25 January 2018

Introducing B-ODAP

By Peter Emmrich

We have known about the effects of β-ODAP (or to give it its full name; β-L-oxalyl-2,3-diaminopropionic acid) for a lot longer than we have known the molecule.

β-ODAP is an amino acid produced by the grass pea, a very hardy crop primarily cultivated in India, Bangladesh and Ethiopia.

It is grown for its seeds (similar to peas or chickpeas) and is used as a green vegetable or feed crop and is one of the oldest cultivated crops, with an 8,000-year history of domestication.

The exceptional tolerance of grass pea to both drought and flooding has made it crucial for food security everywhere from the Neolithic Balkans, to bronze-age Syria, the Roman era Mediterranean, Medieval Europe to modern-day India and Ethiopia.

However, since antiquity, excessive consumption of grass pea has been linked to a devastating disease called neurolathyrism, which is marked by paralysis of the legs.

Epidemics of neurolathyrism would often follow times of famine, where grass pea was the only food still available. The fear of this disease has limited the use and improvement of grass pea, relegating it to the role of an ‘orphan crop’ only grown in the most challenging environments, where other crops would fail.

Lifesaver and poison

In 1964, β-ODAP was discovered to be the causative agent of neurolathyrism2.

β-ODAP acts as an excitotoxic analogue to glutamate, i.e. a compound that overstimulates motor neurones in the brain by binding to receptors normally reserved for glutamate, causing those cells to die.

Since this discovery, reducing β-ODAP content has been the primary goal of grass pea breeding.

However, it has since become clear that this disease only occurs in people who are severely malnourished over long periods of time and eat grass pea as a major part of their diet for several months.

The John Innes Centre and our international partners are working to develop grass pea varieties without this toxin so that the potential of this crop for food security in areas at risk of drought and flooding can be realised.  

Why does grass pea produce β-ODAP?

Grass pea produces a lot of β-ODAP, up to 3% of the dry weight of a young seedling, with smaller amounts in all other above-ground tissues, including seeds.

We still don’t know for certain what benefit the plant gets from this large metabolic investment. Hypotheses range from defence against insect herbivores via response to drought to the uptake and management of metal ions.

However, the evidence for each of these hypotheses is weak and varieties with severely reduced β-ODAP-content do not appear to be compromised in any obvious way.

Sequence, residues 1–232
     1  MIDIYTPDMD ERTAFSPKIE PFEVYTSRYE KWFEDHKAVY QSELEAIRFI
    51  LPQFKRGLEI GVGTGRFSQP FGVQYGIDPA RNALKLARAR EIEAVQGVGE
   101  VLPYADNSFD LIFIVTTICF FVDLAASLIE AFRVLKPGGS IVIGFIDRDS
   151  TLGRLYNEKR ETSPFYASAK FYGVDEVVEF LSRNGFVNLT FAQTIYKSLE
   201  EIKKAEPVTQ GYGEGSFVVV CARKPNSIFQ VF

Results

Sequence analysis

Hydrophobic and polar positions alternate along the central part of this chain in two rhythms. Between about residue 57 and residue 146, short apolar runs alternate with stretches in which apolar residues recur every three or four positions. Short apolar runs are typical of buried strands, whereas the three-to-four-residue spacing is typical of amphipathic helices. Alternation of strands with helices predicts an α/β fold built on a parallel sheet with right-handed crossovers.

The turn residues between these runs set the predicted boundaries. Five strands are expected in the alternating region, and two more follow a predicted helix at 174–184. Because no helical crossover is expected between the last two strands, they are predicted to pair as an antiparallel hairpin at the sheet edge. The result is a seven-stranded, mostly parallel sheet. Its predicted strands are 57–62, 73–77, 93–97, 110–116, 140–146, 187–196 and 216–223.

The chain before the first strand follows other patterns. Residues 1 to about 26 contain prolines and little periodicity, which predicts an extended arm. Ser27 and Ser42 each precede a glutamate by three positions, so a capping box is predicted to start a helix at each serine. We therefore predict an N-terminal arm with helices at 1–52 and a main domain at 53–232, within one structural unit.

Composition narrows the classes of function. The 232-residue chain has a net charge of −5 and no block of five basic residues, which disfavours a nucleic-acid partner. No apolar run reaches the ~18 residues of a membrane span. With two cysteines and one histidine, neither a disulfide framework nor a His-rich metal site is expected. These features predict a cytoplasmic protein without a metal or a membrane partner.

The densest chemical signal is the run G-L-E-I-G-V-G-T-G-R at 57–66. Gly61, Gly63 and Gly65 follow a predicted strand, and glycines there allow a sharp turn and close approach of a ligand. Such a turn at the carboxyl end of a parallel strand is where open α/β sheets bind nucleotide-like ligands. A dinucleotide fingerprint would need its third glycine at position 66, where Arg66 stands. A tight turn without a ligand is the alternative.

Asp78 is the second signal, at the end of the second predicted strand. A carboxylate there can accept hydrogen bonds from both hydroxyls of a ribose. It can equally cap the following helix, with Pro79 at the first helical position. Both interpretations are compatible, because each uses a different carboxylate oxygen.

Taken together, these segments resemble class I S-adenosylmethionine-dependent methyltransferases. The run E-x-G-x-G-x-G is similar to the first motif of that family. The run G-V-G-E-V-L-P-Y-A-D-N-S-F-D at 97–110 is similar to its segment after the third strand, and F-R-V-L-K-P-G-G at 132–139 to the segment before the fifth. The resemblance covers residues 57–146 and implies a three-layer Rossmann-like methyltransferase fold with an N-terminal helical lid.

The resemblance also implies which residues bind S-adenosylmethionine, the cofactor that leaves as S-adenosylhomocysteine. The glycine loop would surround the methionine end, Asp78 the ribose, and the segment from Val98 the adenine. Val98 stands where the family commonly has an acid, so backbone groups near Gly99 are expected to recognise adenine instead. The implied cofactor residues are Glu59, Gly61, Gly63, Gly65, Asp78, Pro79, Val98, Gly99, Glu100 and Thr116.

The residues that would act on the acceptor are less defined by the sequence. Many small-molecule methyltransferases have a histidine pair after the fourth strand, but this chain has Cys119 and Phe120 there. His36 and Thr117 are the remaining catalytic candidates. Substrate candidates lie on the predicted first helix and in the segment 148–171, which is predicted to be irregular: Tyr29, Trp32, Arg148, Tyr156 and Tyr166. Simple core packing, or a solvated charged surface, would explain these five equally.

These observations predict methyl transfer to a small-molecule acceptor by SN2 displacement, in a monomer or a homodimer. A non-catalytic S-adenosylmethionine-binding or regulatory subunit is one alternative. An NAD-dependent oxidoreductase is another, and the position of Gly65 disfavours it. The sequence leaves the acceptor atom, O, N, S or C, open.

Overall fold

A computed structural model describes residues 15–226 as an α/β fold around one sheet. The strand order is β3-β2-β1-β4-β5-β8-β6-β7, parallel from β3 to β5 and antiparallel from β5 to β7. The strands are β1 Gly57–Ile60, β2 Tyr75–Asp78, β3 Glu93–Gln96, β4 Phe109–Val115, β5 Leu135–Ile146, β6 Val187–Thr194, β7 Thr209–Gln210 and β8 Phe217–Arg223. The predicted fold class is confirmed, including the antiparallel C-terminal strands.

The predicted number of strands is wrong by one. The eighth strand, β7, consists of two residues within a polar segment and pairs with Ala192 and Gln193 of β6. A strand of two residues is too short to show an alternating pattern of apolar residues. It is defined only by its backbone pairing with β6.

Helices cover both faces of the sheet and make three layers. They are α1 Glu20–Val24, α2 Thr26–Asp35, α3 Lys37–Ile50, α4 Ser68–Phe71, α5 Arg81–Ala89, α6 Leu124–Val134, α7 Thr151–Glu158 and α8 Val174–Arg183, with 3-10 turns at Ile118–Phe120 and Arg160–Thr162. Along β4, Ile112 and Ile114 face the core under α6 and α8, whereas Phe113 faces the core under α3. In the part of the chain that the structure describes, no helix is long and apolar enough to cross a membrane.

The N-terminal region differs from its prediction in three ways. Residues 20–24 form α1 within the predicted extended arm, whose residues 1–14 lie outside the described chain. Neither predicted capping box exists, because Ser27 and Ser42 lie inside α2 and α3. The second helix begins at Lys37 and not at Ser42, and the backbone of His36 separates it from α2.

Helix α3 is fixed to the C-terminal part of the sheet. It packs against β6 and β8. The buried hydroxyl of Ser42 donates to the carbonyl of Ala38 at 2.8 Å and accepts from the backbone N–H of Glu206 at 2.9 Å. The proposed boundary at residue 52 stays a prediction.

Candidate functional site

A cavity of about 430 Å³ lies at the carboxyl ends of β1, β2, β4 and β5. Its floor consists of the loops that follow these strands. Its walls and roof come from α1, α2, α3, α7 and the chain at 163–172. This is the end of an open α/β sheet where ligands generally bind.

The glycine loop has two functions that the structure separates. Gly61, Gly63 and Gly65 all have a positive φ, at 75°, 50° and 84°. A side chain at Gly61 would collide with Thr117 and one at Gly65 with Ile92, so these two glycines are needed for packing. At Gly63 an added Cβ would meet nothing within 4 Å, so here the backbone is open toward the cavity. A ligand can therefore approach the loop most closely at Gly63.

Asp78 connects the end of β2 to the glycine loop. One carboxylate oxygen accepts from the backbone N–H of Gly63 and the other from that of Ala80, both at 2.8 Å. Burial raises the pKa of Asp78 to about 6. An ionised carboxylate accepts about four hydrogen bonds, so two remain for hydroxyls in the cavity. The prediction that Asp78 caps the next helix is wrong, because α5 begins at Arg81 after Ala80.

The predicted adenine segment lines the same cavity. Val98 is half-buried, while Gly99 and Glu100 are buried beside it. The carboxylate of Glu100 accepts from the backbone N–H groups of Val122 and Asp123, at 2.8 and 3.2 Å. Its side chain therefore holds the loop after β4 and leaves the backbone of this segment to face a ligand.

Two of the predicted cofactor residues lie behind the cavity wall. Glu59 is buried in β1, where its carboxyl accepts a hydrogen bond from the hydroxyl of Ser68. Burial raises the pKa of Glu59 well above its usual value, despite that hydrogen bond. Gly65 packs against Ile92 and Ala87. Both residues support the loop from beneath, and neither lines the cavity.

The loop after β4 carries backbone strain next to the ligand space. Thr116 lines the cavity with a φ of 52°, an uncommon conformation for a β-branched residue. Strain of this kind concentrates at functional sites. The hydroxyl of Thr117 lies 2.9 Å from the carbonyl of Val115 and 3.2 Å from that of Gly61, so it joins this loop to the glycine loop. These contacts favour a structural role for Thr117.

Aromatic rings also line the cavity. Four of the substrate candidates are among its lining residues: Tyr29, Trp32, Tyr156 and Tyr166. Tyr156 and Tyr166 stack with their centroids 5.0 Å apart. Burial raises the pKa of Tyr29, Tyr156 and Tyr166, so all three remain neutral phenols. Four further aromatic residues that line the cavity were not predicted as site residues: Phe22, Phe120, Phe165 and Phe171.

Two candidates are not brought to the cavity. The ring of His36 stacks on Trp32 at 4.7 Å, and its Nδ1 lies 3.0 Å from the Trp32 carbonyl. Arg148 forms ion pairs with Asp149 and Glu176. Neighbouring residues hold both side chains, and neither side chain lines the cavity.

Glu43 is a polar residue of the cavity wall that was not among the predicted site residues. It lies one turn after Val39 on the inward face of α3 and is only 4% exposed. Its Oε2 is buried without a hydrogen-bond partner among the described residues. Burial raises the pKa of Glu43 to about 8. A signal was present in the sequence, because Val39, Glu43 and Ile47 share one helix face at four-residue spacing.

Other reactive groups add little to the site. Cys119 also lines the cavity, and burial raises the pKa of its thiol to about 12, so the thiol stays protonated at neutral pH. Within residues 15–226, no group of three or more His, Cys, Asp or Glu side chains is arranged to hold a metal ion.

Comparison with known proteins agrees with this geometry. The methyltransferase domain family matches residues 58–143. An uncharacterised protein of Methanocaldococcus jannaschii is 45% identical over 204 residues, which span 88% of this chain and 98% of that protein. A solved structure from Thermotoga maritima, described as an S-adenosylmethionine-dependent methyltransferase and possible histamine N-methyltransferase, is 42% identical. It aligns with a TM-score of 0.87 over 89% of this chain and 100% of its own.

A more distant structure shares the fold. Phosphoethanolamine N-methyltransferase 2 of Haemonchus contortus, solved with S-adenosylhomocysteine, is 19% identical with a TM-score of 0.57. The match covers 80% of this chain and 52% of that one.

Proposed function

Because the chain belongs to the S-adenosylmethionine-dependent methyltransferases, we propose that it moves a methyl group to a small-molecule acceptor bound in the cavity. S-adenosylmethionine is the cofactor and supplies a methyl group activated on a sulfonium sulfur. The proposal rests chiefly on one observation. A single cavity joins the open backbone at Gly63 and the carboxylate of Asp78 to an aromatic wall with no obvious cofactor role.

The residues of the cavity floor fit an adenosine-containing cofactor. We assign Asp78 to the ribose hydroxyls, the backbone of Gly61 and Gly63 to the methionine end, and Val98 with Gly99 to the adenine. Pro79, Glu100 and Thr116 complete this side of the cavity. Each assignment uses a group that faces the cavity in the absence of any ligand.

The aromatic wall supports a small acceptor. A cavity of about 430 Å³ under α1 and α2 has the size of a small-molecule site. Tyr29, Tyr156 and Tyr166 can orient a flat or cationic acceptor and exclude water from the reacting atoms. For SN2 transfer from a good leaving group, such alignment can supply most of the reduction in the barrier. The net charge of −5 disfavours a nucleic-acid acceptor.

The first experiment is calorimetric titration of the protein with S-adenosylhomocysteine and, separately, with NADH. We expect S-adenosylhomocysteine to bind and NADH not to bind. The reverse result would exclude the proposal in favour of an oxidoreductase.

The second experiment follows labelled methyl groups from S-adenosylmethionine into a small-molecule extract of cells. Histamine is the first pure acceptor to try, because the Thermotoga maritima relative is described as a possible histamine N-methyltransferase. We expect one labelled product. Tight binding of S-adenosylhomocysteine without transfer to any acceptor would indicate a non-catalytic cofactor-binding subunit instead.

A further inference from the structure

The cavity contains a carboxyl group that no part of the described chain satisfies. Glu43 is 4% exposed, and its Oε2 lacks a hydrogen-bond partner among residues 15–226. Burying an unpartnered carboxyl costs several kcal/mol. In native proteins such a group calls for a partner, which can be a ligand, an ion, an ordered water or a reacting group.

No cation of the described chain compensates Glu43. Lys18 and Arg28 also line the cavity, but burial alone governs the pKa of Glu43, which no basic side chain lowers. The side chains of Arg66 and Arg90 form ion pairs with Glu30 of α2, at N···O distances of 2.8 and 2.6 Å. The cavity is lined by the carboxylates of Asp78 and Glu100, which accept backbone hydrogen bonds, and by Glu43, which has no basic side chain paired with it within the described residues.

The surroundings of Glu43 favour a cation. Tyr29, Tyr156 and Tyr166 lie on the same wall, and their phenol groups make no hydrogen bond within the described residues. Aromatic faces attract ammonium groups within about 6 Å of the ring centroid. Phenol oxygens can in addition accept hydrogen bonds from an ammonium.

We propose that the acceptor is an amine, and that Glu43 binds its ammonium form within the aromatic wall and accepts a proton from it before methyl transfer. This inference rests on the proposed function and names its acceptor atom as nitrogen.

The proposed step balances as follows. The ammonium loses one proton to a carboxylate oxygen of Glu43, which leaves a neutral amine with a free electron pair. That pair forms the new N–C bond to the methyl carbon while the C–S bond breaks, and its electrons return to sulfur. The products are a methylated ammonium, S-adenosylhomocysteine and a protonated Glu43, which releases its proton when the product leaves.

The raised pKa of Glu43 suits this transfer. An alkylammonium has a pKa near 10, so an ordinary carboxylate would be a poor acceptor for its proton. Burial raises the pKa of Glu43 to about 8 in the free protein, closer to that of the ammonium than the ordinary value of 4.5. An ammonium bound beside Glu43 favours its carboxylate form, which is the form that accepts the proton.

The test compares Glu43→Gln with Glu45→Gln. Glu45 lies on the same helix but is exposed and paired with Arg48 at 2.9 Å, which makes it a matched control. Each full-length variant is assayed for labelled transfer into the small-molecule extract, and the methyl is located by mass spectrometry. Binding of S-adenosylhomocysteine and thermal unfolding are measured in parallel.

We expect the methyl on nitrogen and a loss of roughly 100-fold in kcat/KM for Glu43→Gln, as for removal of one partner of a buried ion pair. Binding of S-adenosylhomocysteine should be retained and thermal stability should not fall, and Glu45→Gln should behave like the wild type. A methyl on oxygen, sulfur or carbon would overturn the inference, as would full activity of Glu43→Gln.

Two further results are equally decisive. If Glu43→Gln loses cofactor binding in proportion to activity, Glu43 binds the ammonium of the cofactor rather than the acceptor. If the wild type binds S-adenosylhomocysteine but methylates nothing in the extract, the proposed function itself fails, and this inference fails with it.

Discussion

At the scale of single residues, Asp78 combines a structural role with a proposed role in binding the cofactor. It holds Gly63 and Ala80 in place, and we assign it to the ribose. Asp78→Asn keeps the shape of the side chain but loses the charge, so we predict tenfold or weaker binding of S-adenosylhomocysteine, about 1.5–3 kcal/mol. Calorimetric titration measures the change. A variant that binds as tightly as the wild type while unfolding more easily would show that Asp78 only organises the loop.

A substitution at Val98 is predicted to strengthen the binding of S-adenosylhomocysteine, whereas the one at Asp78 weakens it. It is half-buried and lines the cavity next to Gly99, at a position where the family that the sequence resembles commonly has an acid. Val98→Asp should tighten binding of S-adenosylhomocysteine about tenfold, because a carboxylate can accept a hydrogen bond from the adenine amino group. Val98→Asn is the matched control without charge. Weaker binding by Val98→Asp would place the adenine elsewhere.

We may only be able to settle this question by developing grass peas that are entirely incapable of producing this toxin and testing them under multiple conditions.

β-ODAP is a non-protein amino acid and is derived from the central amino acid metabolism common to plants. The pathway also involves a breakdown product of oxalic acid. This breakdown pathway appears to have adopted a new function in β-ODAP synthesis. Although we know most of the steps, we still don’t know all the enzymes involved in the pathway.

The John Innes Centre is working to identify these enzymes and the genes that code for them in order to better understand β-ODAP synthesis and use this knowledge to develop new, safe varieties of grass pea.

More than a toxin

β-ODAP is not unique to grass pea, but is also found in most other species of the same genus Lathyrus, sometimes in even higher concentrations.

It is also present in other legume genera, including Acacia and Crotalaria. While some of these other species are occasionally used as food, none of them form a staple crop like grass pea does, so the risk of β-ODAP-toxicity from these other species is low for humans, but grazing animals are occasionally affected.

Curiously, β-ODAP is also a major constituent of Asian ginseng, where it is known under the alternative name dencichine.

As ginseng is not closely related to legumes, it is possible that the production of β-ODAP evolved in ginseng independently.

However, as ginseng is only ever consumed in very small amounts, its β-ODAP-content does not pose a health risk. Besides the toxic effects in high doses over long periods of time, β-ODAP has been shown to have a hemostatic effect, i.e. reducing blood flow.

This has led to it being used in the production of band-aids. Other uses in the treatment of hypoxia, Alzheimer’s disease and thrombocytopenia (low blood platelet count) are currently being investigated.


1 - Dixit, G. P., Parihar, A. K., Bohra, A. & Singh, N. P. Achievements and prospects of grass pea (Lathyrus sativus L.) improvement for sustainable food production. The Crop Journal 4, 407-416 (2016)

2 - Spencer, P. S. et al. Lathyrism: Evidence for role of the neuroexcitatory amino acid BOAA. The Lancet 328, 1066-1067, doi:http://dx.doi.org/10.1016/S0140-6736(86)90468-X (1986)

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